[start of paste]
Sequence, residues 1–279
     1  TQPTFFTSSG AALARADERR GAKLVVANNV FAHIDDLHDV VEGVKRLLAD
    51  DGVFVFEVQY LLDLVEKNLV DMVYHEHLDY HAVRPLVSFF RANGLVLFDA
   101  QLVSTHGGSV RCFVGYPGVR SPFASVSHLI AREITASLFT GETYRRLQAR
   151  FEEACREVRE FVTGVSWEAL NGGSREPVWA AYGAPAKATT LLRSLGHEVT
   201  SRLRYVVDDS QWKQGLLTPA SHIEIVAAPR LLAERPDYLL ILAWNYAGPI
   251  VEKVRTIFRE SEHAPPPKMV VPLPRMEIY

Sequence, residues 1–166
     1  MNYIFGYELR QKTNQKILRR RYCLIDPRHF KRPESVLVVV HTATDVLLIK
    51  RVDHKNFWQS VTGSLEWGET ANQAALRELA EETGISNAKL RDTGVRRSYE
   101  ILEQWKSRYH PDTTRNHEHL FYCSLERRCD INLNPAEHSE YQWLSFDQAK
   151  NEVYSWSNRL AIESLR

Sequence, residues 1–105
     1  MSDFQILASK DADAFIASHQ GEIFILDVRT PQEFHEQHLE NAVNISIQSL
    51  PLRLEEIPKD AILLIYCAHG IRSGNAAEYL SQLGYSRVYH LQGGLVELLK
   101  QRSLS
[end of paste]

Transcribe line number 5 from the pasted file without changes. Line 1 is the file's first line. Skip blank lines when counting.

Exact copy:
   151  FEEACREVRE FVTGVSWEAL NGGSREPVWA AYGAPAKATT LLRSLGHEVT